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4.0 out of 5 starsa complex coming-of-age story
Reviewed in the United States on October 12, 2016
Jane Gardam creates settings and characters nearly as complex and individualistic as real life, which does, indeed, make both come alive for the reader. The plot winds with equal individualism and complexity through the story – but I thought of it more as real life than a plot. The novel is a coming-of-age story told in first person by Jessica Vye – an intelligent, articulate, strong-willed, eccentric adolescent girl who is destined to become a writer, so an equally eccentric author who spoke at her school tells her after reading a collection of her stories. The book is set in England during World War II. I gave the book 4 out of 5 stars. The only problem I had with it is that I didn’t feel that Gardam was as comfortable with her characters at the beginning of the book as she became a little later.
5.0 out of 5 starsA glorious but mischaracterized book
Reviewed in the United States on May 29, 2020
Jane Gardam famous for her wonderful novel "Old Filth" also wrote books about and intended for young girls. Her heroine may well be her younger self, bright, confused,a bit "off." I find the character endearing and I imagine it would be chiefly adults who would appreciate this hapless young heroine who may have been a troubled child but is sure to turn out to be an enchanting woman. And a superb novelist.
From one of Britain's best-loved authors, little-known in the U.S. She is veddy, veddy British, quirky, wry, hilarious and wise, all at once, and serves us the proverbial growing pains of life down pat, hands down.
5.0 out of 5 starsA new look at the school girl novel
Reviewed in the United States on May 13, 2014
Jane Gardam's novel is set in an English girls' school in the early years of the Second World War. Written in the first person, it is the story of a short interlude in the life of the outspoken, non-conformist and somewhat eccentric teenager, Jessica Vye. The focus of the novel is a poetry competition, but its importance only becomes apparent about half-way through the novel. The reader has first to meet her rather chaotic family, her teachers, her school friends and her classmates. The language captures wonderfully the volatile moods of a teenage girl and of the period in which it is set - rationing, bomb scares and old-fashioned school discipline. There are nuances of disillusionment and the realization that people are not always what they seem to be. Although the time-span of the novel is only a few months, the Jessica at the end of the story is a far more aware personality than the rather self-centred young girl at the beginning. The ending is perfect.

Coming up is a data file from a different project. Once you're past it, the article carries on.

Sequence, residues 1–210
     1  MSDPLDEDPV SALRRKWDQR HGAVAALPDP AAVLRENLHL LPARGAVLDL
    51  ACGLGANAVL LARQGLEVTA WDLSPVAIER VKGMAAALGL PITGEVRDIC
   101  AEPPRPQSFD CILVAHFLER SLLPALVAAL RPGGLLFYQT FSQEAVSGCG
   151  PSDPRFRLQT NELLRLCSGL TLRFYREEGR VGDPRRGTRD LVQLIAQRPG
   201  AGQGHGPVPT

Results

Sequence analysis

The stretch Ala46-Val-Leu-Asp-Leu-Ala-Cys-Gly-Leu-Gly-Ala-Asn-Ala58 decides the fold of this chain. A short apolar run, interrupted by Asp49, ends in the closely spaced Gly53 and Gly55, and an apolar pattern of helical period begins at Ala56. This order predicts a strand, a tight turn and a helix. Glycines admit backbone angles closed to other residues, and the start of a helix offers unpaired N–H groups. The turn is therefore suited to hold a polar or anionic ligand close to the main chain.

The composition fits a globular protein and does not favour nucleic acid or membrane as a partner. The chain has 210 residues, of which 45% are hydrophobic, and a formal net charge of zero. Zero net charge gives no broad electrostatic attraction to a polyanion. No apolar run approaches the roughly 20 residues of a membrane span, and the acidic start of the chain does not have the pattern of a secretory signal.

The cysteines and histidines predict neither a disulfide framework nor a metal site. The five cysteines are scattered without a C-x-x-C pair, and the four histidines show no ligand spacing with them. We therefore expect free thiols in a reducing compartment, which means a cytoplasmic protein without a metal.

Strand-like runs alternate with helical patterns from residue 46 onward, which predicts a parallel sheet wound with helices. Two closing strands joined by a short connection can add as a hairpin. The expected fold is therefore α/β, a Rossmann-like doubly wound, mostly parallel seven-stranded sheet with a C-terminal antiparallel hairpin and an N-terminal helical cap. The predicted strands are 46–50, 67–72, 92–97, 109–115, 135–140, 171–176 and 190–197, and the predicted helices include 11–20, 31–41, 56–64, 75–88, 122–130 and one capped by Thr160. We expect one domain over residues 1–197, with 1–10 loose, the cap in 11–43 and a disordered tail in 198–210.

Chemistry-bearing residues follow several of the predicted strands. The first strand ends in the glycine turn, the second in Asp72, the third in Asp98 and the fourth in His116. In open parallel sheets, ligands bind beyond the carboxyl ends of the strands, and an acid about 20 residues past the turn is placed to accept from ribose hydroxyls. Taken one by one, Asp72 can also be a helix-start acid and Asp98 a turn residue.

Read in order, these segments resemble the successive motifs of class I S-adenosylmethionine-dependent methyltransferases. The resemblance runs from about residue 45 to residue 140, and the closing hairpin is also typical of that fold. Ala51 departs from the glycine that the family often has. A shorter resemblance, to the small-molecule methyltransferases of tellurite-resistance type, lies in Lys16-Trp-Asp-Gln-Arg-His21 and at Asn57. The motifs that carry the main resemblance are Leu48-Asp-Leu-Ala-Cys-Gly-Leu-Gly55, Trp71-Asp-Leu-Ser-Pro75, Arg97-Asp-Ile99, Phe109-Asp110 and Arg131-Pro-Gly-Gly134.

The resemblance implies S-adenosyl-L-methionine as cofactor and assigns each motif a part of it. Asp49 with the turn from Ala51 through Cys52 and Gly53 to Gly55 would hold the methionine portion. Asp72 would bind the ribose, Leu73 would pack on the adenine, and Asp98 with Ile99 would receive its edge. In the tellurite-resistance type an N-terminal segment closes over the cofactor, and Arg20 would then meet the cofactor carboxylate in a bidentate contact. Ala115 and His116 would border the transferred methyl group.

4.0 out of 5 starsGardam once again hits the nail on the head!
Reviewed in the United States on May 21, 2015
I forgot this little book was written by an adult. A youngster wishes to be a writer. It was so naturally and beautifully written. I read it as a mother, as a friend, as a sister, as a partner, and it filled every one of those views. Try it. But I must admit that for me, Gardam can do no wrong ... Daisy M
Reviewed in the United States on February 24, 2014
Wry, funny, joyful, moody, like growing up itself. In this novel set in England during WW ll, which seems strongly autobiographical, Jessica Vye, a young English schoolgirl, convinced by a chance encounter that she is indeed going to be a writer, follows--and nudges along--the fate of a poem she has written, which is also a metaphor for the journey she herself is making towards who she is going to be. I found it an irresistible journey, through a world of beautifully realized characters.
Jessica Vye is 13 and the novel is written in her voice. It is so much fun I was sorry it ended. She is very outspoken and can't help being honest. If you want to hang out with her and her friends for a while, this book is waiting for you to pick it up.
Reviewed in the United Kingdom on September 7, 2014
I was puzzled by this book. I have enjoyed the 'Filth' books by Jane Gardam and thought I was in for more of the same but this is a thin book that left me unsatisfied. I did not find the characters engaging and some of the story lines were disconnected and seemed to have been put in to bulk out the book. Don't be put off reading the 'Filth' books if you have read this one first, they really are much better.
It's a strange story! Set during the war about a teenager at a middle class school. It did take a bit to get into, with long descriptive stuff about the school, then siddenly it cracked on apace. Ive enjoyed other Jane Gardam novel, man in a wooden hat. Nothing like that!
There is something eccentric about the narrator Jessica Vye who tells you from the beginning "I am not quite normal." But which 13 year old does feel comfortable in her own skin? This one has a life-changing moment the minute she has confirmation from a writer who has visited her school, that she too is a writer "beyond all possible doubt." Other reviewers have given a synopsis, so I will just say that teenagers in my family have enjoyed this book, and I go back to it with great fondness. It has Jane Gardam's original and quirky voice and it led me to read many more of her novels and short stories.
Reviewed in the United Kingdom on February 5, 2020
Read this novel many years ago and thoroughly enjoyed it. Re-reading it proved equally enjoyable. It goes without saying that Gardam is a brilliant writer but Had forgotten how funny and moving this novel was.
At times I found this book hard to read because it was almost an invasion of privacy. It's a wonderful vies of life in the North East - I can smell the wild garlic in the Italian Garden at Saltburn while I read it. It gets into the mind of the precocious 13 year and carries you along. Beautiful.